WAACNewsletter
Volume 16, Number 3, Sept 1994, p.11

Technical Exchange

by Dean Yoder, Column Editor

Watts Towers Mortars

In our work on the Watts Towers of Simon Rodia in Los Angeles, we use about 1 1/2 bags per month but have had several problems with Jahn mortar: inconsistency in the color of M70-18A and disbelief in the wide variation in compression values published for the Jahn injection mortars, M30/40, which we do not use. In a series of commercial lab tests on specimens made at our site, we were only able to achieve 64% of the published compression values for mortars M70-11, M70-18A and M90. The response from the distributor was that we did not use the proper amount of water. I do not agree with that explanation.

In 1990 and 1991, a local testing lab ran compression tests on three each, standard specimens of the Jahn M70-11, M70-18A, M90 and on a special cement mortar mixture. See the specs, below. The average compression values of the Jahn specimens were 2,280 psi, 36% lower than the value listed in the literature. (The artist's 40-70 year-old mortar, taken from a few selected areas tested at 3,000 psi, 4,000 psi and 9,000 psi, in the base area of one sculpture.) Because of the low value and to reduce unwanted failures in higher stresses repair areas, we have restricted use of Jahn mortar to non-structural members and those carrying low loads and stress levels. We use a cement mortar mix which has tested in compression at 2,700 psi (above Jahn but below Rodia's mortar) in structurally stressed members. This mortar is as follows: 1 pt. cement, 3 pt. sand, .1 to .25 pt lime

Aggregate: clean sharp natural sand conforming to the following size gradations and the requirements of ASTM C144

Sieve Size

percent passing

#4

100

#8

95 to 100

#16

70 to 100

#30

40 to 75

#50

20 to 35

#100

2 to 15

#200

0 to 2

Water: Potable, free of oils, acids, alkalies and organic matter

N.J. Bud Goldstone
258 S. Rexford Dr., Beverly Hills CA

Sturgeon Glue for Consolidation

Also known as Isinglass, (from M Du: lit. sturgeon's bladder.)

Colorless, or milky white made of the swimming bladder of fish. The best grade is "Russian isinglass", prepared from the internal membranes of sturgeon's bladder. Thanks to its great tacking properties and low viscosity sturgeon glue has been used widely in Europe as consolidant for paintings.

Preparation method:

To make a solution of 7-10% use weight / volume ratio of dry glue to water.

After weighing it, place a small amount of dry glue pieces in a dish in just enough distilled water to cover it. Allow to soak for several hours or overnight, until glue turns grayish and soft. You may then knead the soft glue into a uniform mass. Add the remaining distilled water to cover it and heat slowly on a double boiler. Do not overheat, ( 140-150 F ). Overheated glue will lose some of its excellent tacking properties. Stir until glue is just dissolved. It may then be strained, prior to use. A preservative can be added but it is best to use a fresh solution each time. I found that it may also be refrigerated for a few days, without a preservative.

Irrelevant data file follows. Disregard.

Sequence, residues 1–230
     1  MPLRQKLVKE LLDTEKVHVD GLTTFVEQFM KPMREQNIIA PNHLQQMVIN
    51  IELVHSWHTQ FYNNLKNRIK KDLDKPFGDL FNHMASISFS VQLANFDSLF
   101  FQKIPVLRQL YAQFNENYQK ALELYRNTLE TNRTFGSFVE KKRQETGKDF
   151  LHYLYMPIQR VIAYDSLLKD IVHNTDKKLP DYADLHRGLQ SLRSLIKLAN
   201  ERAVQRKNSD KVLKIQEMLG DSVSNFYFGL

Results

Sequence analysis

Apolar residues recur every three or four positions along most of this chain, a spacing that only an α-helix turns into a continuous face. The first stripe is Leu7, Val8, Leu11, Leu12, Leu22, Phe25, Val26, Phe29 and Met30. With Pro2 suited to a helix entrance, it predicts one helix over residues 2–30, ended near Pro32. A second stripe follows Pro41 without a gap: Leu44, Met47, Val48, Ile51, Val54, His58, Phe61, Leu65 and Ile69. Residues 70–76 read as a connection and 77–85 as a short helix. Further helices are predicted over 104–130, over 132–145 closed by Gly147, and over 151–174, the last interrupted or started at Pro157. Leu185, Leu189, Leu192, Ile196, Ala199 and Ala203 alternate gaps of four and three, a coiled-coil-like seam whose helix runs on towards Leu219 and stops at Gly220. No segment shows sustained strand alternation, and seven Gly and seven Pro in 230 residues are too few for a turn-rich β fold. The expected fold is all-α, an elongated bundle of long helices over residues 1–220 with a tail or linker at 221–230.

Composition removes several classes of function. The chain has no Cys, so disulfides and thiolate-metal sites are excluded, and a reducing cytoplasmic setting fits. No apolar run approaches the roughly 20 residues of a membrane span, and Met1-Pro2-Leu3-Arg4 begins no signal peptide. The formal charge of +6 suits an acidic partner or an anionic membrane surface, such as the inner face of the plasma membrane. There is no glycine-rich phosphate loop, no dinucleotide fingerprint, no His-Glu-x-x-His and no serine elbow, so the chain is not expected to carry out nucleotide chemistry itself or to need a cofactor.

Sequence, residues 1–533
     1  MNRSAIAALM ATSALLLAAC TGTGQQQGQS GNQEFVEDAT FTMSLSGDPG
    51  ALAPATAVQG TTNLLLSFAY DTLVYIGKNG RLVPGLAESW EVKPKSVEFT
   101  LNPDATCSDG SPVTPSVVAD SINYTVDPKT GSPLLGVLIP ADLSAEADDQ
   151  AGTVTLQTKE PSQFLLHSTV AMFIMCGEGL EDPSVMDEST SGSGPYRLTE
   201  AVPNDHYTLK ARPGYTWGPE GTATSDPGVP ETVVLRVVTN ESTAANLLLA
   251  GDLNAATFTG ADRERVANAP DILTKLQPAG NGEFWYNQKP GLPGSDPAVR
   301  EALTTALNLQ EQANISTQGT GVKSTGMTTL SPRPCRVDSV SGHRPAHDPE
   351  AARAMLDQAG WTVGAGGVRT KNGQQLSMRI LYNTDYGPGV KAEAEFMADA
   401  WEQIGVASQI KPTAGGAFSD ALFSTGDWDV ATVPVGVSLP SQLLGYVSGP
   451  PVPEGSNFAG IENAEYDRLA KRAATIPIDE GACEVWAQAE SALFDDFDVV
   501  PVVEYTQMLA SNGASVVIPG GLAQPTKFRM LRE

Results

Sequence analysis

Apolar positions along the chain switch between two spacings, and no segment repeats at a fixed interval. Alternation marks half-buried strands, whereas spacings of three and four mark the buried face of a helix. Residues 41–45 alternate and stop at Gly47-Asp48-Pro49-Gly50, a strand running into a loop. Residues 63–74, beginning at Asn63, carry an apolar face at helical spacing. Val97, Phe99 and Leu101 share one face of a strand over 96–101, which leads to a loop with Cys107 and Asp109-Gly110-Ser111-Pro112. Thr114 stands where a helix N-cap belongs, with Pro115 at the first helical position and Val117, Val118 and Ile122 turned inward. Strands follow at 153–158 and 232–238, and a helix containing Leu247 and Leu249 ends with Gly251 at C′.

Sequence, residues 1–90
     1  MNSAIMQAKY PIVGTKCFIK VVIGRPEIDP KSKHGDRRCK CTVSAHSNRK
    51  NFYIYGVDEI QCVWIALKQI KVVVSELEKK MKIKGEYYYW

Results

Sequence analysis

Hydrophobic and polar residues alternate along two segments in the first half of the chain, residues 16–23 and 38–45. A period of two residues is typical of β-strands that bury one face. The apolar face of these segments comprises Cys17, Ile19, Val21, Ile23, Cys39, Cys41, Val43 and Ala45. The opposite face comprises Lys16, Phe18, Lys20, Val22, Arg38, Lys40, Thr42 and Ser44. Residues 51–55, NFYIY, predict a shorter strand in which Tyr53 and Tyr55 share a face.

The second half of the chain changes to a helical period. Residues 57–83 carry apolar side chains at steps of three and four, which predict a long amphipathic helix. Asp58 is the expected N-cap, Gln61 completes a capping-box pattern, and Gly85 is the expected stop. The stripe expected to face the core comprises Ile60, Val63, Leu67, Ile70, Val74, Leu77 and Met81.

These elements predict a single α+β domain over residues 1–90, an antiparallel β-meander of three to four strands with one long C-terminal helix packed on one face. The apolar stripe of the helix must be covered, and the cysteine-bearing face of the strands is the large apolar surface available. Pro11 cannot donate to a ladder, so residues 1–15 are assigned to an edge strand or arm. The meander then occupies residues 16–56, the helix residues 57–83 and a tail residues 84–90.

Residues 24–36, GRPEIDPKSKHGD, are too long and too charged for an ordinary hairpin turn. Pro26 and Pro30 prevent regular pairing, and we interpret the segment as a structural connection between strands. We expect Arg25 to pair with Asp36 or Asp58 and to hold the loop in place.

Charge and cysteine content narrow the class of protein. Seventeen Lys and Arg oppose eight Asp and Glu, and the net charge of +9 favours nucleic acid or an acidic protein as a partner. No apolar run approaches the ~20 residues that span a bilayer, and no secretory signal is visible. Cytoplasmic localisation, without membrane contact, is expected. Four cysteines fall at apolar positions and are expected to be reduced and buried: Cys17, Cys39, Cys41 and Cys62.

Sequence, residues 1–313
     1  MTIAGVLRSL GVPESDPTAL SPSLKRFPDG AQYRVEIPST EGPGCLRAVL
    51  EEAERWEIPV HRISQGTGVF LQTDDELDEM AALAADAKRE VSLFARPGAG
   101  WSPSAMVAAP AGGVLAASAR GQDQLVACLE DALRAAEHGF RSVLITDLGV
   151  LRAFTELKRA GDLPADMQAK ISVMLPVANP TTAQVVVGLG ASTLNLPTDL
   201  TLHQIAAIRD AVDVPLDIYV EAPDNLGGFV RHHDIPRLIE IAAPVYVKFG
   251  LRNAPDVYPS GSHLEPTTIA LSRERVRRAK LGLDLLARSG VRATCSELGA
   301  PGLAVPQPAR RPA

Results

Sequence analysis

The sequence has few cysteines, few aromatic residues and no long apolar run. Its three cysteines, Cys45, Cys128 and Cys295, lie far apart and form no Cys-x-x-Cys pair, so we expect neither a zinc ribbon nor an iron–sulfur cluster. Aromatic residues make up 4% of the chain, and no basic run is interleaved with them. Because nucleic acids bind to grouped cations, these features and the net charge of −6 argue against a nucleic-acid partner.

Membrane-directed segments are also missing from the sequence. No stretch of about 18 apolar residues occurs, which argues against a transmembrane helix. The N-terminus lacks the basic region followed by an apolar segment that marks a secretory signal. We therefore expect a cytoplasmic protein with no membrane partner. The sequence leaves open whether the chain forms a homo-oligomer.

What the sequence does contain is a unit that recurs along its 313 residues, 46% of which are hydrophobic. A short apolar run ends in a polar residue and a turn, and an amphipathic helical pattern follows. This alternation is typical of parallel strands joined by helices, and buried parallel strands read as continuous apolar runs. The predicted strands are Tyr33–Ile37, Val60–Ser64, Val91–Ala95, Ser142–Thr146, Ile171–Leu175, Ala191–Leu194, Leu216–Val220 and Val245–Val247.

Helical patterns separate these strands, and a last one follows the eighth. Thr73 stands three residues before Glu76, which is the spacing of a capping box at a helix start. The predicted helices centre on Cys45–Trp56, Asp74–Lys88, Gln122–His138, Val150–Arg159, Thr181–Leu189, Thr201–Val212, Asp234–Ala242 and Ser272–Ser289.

It may be used alone or immediately preceded by a mixture of ethyl alcohol/ water 1:1, to decrease surface tension. In cases of severe cupping, relaxation of hard paint flakes can be achieved through solvent vapor treatment, i.e. local "solvent vapor chambers" prior to consolidation. The warm glue solution can be brushed under the cupping flakes, or indirectly through Japanese tissue. Warm electric spatula can be used to relax the infused areas of paint to re-adhere the cupping paint flakes. The whole area is left to dry under minimal pressure.

For other references see also: T. Petukhova and S. Bonadies "Sturgeon glue for painting consolidation in Russia", Journal of AIC, vol. 32, number 1, 1993.

A. Zebala
Paintings conservator.

User-friendly Technical References

Museum staff often ask for user-friendly technical references. CCI Notes published by the Canadian Conservation Institute offer practical explanations and suggestions on a variety of topics. Topics of particular interest include collection care, museum environment, spot testing, and disaster planning.

Each article is accompanied by a bibliography for further reading. If further explanation is needed, every article includes the name and telephone number of the author.

The articles can be requested individually or in a ring binder. Contact CCI at 613/998-3721 or at 1030 Innes Road, Ottawa, Canada KIA OC8.

Shelly Reisman Paine
Objects Conservator
Nashville, Tennessee

Heat Resistant Tape for Infiltration

Method of Glass Conservation The basic method for gluing glass, called infiltration, employs epoxy resins of low viscosity and uses strips of adhesive tape for the temporary alignment of broken glass. This method is described in Conservation of Glass by Sandra Davison and Roy Newton, Butterworth 1989.

This method can be altered by warming up the glass and the prepared epoxy-resin and replacing the regular tape with Poly-Tape (used for masking slides). Warming does two things:

  1. It significantly lowers the viscosity of the epoxy, thereby enhancing penetration into the cracks. This technique is especially useful for thick-walled glasses.

  2. It speeds up the setting process of the resin. The correlation between applied heat and setting time is described for the epoxy HXTAL-NYL-1 in the catalogue of Conservation Materials, Ltd.

When heating the epoxy (do not overheat), a hot-plate can be used to control the temperature. An ordinary IR-lamp is useful for heating the glass (the glass should only warm to the touch). The aluminum of the Poly-Tape reflects the irradiation so that the pressure-sensitive layer beneath does not become soft. The alignment of the broken glass stays secure.

For accelerated setting, the IR-lamp can be left on the glass after the resin has been applied. Instead of a five-day curing period at room temperature, only several hours are needed to achieve a proper setting.

Tweezers are used to remove the Poly-Tape and the excess resin can be removed safely with a scalpel or acetone.